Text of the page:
The following exercises promote good posture, strength, movement, flexibility and balance in healthy people as well as those with osteoporosis. If you’ve recently broken a bone or if you have very low bone density, you should discuss these exercises with your physical therapist or healthcare provider before trying them. Remember to avoid all activities that require bending forward from the waist or too much twisting of the spine.
A little bit of muscle soreness lasting for one to two days after exercise is normal, but none of these exercises should ever hurt in any way while you are doing them or cause soreness for more than one or two days afterward. If you have pain with any of these exercises or are not sure if a certain exercise is right for you, NOF recommends that you first discuss your concerns with a physical therapist.
These exercises are designed to be done along with a weight-bearing exercise program. They do not replace the need for walking or doing other weight-bearing activities.
For exercises that involve lying on the floor, you may want to place a blanket or thick mat under you for comfort. If you cannot get up and down from the floor, you may do them on a firm bed.
The exercise examples below fall into one of four sections:
A. Posture exercises. These exercises improve your posture and reduce rounded or “sloping” shoulders. They can help you decrease the risk of breaking a bone, especially in the spine.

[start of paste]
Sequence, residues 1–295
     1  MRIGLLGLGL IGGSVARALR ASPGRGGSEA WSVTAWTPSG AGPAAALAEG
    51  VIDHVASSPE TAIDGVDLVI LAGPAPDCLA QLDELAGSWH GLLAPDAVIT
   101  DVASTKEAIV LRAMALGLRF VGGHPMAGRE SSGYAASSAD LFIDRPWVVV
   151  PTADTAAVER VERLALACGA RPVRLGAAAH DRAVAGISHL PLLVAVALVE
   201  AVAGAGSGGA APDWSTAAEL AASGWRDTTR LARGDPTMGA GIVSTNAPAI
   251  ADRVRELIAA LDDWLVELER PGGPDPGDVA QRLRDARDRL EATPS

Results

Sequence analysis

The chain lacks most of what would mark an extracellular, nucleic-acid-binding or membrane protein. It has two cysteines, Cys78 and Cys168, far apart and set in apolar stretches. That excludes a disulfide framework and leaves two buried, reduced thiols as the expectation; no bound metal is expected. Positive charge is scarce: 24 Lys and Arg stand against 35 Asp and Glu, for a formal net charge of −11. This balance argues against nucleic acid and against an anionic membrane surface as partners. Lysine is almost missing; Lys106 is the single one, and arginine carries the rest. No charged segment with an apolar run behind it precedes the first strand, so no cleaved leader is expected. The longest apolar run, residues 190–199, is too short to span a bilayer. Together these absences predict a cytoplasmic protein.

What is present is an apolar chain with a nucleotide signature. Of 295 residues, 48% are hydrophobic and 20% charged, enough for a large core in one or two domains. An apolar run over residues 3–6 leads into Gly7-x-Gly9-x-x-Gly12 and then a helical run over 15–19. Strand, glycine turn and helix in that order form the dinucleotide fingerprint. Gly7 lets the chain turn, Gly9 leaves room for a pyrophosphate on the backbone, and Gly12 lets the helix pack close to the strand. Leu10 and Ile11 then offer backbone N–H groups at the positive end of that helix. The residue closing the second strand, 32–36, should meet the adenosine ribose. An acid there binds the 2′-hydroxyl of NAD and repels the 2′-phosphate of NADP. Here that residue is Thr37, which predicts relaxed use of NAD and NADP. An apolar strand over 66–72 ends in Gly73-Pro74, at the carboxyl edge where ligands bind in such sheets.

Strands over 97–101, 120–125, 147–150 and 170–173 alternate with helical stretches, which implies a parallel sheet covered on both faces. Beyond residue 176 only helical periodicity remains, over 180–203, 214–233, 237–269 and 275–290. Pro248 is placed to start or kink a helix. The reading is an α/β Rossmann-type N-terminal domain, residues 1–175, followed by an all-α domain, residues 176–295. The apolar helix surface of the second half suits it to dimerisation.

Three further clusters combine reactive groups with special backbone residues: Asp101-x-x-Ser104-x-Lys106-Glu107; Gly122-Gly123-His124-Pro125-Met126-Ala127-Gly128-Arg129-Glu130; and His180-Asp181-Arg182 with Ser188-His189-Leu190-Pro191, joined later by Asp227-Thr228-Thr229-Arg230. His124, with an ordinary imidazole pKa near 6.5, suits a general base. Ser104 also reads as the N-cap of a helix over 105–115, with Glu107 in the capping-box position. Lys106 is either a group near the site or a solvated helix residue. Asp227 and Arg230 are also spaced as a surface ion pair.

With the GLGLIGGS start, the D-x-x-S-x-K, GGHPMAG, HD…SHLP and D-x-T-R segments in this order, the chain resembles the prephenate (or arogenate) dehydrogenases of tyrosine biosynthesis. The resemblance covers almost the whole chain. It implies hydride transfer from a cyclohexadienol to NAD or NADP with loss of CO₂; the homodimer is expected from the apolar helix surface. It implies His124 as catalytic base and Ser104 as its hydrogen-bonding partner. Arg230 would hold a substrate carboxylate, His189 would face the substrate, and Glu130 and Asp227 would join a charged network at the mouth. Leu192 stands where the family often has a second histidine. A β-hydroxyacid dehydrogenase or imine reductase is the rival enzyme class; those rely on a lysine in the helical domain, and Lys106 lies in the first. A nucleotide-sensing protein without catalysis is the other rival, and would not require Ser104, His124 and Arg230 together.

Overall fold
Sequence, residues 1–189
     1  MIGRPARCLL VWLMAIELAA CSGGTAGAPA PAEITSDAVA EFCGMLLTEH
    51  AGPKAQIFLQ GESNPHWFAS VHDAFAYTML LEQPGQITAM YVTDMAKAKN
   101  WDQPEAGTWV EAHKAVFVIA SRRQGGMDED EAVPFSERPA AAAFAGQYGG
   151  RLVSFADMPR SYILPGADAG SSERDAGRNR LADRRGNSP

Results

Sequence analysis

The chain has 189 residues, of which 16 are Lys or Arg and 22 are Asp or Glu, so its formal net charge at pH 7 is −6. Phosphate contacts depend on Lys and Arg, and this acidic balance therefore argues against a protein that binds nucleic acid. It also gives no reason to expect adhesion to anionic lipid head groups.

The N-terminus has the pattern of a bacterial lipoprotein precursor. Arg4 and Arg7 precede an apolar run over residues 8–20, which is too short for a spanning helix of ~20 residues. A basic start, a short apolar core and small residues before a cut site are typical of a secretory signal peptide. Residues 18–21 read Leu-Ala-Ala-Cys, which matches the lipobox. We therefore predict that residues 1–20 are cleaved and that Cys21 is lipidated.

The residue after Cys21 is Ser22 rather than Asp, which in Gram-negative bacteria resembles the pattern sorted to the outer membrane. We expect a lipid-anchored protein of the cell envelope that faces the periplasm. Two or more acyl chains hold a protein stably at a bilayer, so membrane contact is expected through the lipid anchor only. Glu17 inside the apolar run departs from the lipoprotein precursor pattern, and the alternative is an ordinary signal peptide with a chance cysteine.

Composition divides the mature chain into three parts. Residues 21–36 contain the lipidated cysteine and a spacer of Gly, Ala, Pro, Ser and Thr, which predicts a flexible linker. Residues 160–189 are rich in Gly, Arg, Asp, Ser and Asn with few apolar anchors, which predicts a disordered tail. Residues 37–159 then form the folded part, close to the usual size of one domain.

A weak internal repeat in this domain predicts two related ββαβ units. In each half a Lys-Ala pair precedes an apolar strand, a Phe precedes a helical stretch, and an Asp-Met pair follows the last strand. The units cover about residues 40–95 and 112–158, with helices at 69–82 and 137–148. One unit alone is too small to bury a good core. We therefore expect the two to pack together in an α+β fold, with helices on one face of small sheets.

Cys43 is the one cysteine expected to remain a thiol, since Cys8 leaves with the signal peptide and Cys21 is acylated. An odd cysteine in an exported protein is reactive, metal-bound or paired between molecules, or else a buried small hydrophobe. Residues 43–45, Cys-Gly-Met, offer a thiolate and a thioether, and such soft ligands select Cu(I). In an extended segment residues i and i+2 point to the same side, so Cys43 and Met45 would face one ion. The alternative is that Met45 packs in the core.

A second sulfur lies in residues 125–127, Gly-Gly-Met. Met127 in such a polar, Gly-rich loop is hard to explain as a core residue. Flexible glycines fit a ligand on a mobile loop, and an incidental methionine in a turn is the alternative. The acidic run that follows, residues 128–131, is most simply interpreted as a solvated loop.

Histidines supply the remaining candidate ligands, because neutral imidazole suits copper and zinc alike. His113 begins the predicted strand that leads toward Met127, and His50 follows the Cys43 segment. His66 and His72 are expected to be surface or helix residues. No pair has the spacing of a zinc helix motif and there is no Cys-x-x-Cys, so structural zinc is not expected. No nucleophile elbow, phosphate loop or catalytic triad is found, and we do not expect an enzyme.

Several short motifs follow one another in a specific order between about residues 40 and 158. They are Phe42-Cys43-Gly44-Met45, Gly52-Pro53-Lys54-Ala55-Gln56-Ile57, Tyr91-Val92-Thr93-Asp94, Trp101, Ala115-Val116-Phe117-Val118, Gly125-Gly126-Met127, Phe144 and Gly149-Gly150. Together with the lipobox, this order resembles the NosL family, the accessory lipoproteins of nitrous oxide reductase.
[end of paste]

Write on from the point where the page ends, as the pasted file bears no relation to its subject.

B. Hip and back (spine) strengthening exercises. These exercises can help you to strengthen the muscles in your back and hips.
C. Balance exercises. These exercises strengthen your legs and challenge your balance. They can decrease your chance of falling.
D. Functional exercises. These exercises improve how well you move. They can help you in everyday activities and decrease your chance of falling and breaking a bone. For example, if you find it hard to get up from a chair or climb stairs, you should do these activities as exercises (try standing up and sitting down several times until you are tired).
While there are only one or two examples for each section, NOF’s publication, Boning Up on Osteoporosis, includes a total of 24 exercises with an additional section on safe movement. Click here to learn more about Boning Up.
A. Posture Exercise Example
Stand in the corner of a room with your arms extended to the walls at shoulder level.
Benefit: Stretches shoulders, flattens upper back. Improves rounded shoulders.
B. Hip and Back Strengthening Exercise Examples
Hip abductor strengthening
Benefit: Strengthens the hips. Improves balance.
Prone leg lifts
Benefit: Strengthens lower back and buttocks. Stretches hip flexors and the front of the thighs.
C. Balance Exercise Example
You can improve your balance with the following exercises which can decrease your risk of falling and breaking a bone. These exercises are especially important if you have fallen one or more times in the past year or if you lose your balance when you do normal activities.
When you do balance training exercises, you should feel a little wobbly in your legs and feet, but you should not feel like you could fall. The goal of these exercises is to hold the position for 20-30 seconds and move on to the next level when you no longer wobble.
You may need to hold onto a stable chair or table with both hands at first. When you no longer wobble, hold on with one hand only. As you become steadier, try touching the chair with one fingertip only or hold your hands two inches above the table or chair.
Toe raises/heel raises
Benefit: Strengthens lower legs. Helps balance.
Benefit: Strengthens thighs, abdomen and back. Decreases rounded upper back and forward head posture. Improves leg alignment.